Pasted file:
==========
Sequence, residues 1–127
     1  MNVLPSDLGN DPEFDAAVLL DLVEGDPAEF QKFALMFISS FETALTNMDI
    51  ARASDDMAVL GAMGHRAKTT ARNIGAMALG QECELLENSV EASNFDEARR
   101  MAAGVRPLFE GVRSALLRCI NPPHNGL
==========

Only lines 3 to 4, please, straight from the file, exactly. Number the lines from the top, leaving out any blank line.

    51  ARASDDMAVL GAMGHRAKTT ARNIGAMALG QECELLENSV EASNFDEARR
   101  MAAGVRPLFE GVRSALLRCI NPPHNGL